Iron Horse Soldier visits family, celebrates Chuseok in homeland
OSAN AIR BASE, South Korea – Returning home can often be laden with excitement and a little bit of fear, especially if it has been many years and your home is half a world away.
Pfc. Sang Yong Park, a supply specialist with Headquarters and Headquarters Battery, 6th Battalion, 52nd Air Defense Artillery Regiment, 35th ADA Brigade, said it has been nearly 13 years since he left Korea.
After enlisting in the U.S. Army and being stationed in South Korea, Park made the three hour trip to spend Chuseok with his father’s older sister and brother. Chuseok is one of the most important holidays in the Korean culture, and centers around honoring one’s ancestors with the first produce from the seasonal rice harvests. It is similar to the American holiday Thanksgiving.
“This is my first time visiting my grandparents in almost 13 years,” Park said. “Bowing to the table of offered food makes my visit known to my grandparents. It is how I am letting them know that I’m in Korea, and I am here to dine with them for Chuseok.”
Park’s aunt, Jung Hee Park, hosted the ceremony and it was officiated by his dad’s eldest brother, Jin Hong Park. It is the first time they have seen the younger Park in more than 12 years.
“Today, every Korean home has this a ceremony like this,” Jin Park said. “In the Park lineage book, my nephew is next in line to get the baton. It is very significant he is here because he is a male and the next to carry on this tradition.”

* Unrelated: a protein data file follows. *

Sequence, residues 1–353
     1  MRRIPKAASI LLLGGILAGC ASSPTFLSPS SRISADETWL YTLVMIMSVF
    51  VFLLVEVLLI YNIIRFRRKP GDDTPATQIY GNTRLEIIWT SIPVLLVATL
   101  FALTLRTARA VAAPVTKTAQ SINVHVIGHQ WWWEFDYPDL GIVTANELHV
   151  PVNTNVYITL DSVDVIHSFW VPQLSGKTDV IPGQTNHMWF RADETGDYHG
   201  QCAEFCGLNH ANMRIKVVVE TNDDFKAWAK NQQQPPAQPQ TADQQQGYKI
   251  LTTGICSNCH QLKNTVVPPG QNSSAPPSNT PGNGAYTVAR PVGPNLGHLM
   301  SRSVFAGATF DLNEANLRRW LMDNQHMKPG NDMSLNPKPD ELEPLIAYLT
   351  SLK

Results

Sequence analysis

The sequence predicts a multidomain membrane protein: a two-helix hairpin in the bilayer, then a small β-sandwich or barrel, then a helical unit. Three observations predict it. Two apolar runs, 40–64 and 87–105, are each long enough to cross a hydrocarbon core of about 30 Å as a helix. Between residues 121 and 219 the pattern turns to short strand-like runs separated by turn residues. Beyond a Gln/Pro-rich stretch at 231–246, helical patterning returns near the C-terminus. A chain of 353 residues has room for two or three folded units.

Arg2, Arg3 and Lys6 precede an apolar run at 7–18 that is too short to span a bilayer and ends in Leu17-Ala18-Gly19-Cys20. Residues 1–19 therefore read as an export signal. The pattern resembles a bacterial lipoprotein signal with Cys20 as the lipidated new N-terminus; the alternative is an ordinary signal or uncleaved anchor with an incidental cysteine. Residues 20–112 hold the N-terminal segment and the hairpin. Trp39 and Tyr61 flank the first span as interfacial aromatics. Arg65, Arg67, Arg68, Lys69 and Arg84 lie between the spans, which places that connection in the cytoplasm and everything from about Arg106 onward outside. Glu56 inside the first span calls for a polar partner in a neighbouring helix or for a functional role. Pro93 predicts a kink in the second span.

The Korean and U.S. Military alliance depend on interoperability and Park feels being in Korea allows him to contribute to that relationship.
“I think I have an advantage being both American and Korean as far as the Army goes,” he said. “When training is taking place or we’re working with our Republic of Korea counterparts, it’s a big plus because I can translate and nothing gets lost in translation.”
Building partnering opportunities while in Korea is essential to mission success. Command Sgt. Maj. Thurman Booth, senior enlisted advisor, 6-52 ADA, understands how the Korean-American Soldiers in his formation help facilitate this important exchange.
“Having Korean American Soldiers in our ranks gives me comfort knowing my thoughts and ideas will be well communicated. These Soldiers understand our Army as well as the Korean culture, which is very different from ours. Our mission is enhanced by the brave men and women who return to their homeland and fight for both of us,” Booth said.
Park came to America with his parents when he was very young and decided to join the U.S. Army. Korean men are required to serve about two years of military service, so for Park, the decision was easy.
“My family is proud that I am a U.S. Soldier,” he said. “Every Korean male has to join the service, so it’s looked upon as honorable. I just decided to join the U.S. Army.”
Park’s grandfather, who he honored during the ceremony, also served in the Korea Army.
“My grandfather was in the Army during Vietnam. A land mine severely injured his legs and no longer had use of them,” Park said. “I remember him scooting up the walk to see me. He was still very strong and would lift me over his head.”
“Today, I wanted to let him know that I am also a Soldier.”